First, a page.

HUSSEY v. SUPERINTENDENT
ORDER Denying Petition for Writ of Habeas Corpus and Directing Entry of Final Judgment. (See Order). Copy to Petitioner via U.S. Mail. (docket entry out of order). Signed by Judge William T. Lawrence on 10/30/2017.(MAC)
UNITED STATES DISTRICT COURT
SOUTHERN DISTRICT OF INDIANA
SUPERINTENDENT New Castle Correctional
Case No. 1:17-cv-00355-WTL-MPB
Entry Denying Petition for Writ of Habeas Corpus and Directing Entry of Final Judgment
The petition of Shawn Hussey for a writ of habeas corpus challenges a prison disciplinary
proceeding identified as No NCF 16-11-0175. For the reasons explained in this Entry, Hussey’s
habeas petition must be denied.
Prisoners in Indiana custody may not be deprived of good-time credits, Cochran v. Buss,
381 F.3d 637, 639 (7th Cir. 2004) (per curiam), or of credit-earning class, Montgomery v.
Anderson, 262 F.3d 641, 644-45 (7th Cir. 2001), without due process.
The due process
requirement is satisfied with the issuance of advance written notice of the charges, a limited
opportunity to present evidence to an impartial decision-maker, a written statement articulating the
reasons for the disciplinary action and the evidence justifying it, and “some evidence in the record”
to support the finding of guilt. Superintendent, Mass. Corr. Inst. v. Hill, 472 U.S. 445, 454 (1985);
Wolff v. McDonnell, 418 U.S. 539, 570-71 (1974); Piggie v. Cotton, 344 F.3d 674, 677 (7th Cir.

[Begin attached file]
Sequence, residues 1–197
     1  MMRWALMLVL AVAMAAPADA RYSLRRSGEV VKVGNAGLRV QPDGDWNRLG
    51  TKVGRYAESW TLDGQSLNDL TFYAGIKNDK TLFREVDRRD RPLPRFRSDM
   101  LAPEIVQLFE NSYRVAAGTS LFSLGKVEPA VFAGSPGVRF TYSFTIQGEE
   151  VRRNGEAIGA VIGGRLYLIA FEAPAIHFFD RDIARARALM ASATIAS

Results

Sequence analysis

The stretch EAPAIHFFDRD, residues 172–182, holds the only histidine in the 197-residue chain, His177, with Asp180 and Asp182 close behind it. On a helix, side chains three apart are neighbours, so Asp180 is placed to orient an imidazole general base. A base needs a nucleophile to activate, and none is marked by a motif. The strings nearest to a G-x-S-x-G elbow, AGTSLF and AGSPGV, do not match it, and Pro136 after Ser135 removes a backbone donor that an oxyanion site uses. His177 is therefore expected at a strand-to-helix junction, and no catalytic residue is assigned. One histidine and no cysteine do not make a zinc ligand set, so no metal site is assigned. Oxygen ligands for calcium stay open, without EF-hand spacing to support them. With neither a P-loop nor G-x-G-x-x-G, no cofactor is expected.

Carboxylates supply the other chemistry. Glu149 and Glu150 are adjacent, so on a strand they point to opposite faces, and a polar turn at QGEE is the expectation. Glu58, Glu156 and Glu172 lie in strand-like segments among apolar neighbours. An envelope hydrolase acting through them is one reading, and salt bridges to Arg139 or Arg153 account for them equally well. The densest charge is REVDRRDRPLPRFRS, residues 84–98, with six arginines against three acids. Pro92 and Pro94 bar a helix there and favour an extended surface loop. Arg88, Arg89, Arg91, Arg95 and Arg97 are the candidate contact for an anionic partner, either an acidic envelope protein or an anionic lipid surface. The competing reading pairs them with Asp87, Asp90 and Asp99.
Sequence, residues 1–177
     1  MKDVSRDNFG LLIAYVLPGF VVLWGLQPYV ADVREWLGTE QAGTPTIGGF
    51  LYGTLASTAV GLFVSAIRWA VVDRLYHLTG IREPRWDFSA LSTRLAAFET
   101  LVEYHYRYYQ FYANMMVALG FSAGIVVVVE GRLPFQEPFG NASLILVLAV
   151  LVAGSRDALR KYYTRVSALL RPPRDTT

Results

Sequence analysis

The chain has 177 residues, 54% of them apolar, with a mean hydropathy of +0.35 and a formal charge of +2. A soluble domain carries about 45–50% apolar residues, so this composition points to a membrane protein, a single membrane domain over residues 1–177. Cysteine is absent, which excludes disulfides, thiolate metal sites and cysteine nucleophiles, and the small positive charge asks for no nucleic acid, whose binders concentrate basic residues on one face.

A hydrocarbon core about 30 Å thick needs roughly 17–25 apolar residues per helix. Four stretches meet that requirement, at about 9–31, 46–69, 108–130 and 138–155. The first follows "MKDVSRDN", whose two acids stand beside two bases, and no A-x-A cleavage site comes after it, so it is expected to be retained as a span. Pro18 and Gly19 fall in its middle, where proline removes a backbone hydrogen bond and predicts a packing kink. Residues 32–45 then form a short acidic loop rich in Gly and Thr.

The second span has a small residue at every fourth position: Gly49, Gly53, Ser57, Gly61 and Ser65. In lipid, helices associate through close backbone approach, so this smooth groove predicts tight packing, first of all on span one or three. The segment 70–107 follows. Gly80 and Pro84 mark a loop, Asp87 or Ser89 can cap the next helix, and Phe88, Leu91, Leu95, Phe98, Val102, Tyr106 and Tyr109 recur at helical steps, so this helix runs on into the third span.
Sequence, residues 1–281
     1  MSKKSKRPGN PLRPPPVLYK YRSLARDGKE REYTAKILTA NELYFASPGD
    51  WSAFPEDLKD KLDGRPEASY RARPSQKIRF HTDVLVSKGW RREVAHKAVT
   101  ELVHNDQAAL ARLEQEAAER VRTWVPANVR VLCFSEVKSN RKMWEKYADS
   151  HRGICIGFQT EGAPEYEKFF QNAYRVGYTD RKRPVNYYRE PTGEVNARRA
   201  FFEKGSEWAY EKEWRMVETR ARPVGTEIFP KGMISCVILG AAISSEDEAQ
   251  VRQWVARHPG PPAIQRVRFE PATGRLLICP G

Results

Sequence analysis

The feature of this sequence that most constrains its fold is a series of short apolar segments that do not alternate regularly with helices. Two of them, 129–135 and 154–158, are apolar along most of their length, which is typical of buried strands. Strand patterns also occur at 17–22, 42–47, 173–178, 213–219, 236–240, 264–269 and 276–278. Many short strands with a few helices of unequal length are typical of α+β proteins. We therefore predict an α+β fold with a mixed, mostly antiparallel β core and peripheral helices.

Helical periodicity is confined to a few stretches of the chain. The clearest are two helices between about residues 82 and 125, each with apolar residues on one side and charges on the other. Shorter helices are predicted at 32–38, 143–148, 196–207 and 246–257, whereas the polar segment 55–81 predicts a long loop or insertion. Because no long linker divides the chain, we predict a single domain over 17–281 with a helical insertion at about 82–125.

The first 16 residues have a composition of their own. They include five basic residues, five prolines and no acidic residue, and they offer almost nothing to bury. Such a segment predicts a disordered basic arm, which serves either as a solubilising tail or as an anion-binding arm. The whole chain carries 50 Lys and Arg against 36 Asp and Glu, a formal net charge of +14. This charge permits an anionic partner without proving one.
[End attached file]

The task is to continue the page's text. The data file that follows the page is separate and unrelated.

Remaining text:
2003); Webb v. Anderson, 224 F.3d 649, 652 (7th Cir. 2000).
The Disciplinary Proceeding
On November 21, 2016, Internal Affairs Officer Williams issued a Report of Conduct
charging Hussey with use of a controlled substance in violation of Code B-202. The Report of
The following conduct report has been issued to Offender Shawn Hussey #202611
for Possession or Use of a Controlled Substance, as defined in the Adult
Disciplinary Policy. On 11/15/16, Hussey submitted his own urine for a full 8 panel
drug screen. The Chain of Custody was followed and the sealed specimen was sent
to Alere Toxicology Services, Inc. for a full screening, with a confirming test
performed. Lab reports received on 11/21/16 clearly indicate the presence of
Suboxone in the urine of Offender Hussey #202611[.] Based upon the results from
Alere Toxicology Services, Inc., Offender Hussey #202611 did violate code B-202,
of the Adult Disciplinary Policy. Offender was informed of conduct.
Dkt. No. 8-1 at 1. Hussey was notified of the charge on November 22, 2016, when he was served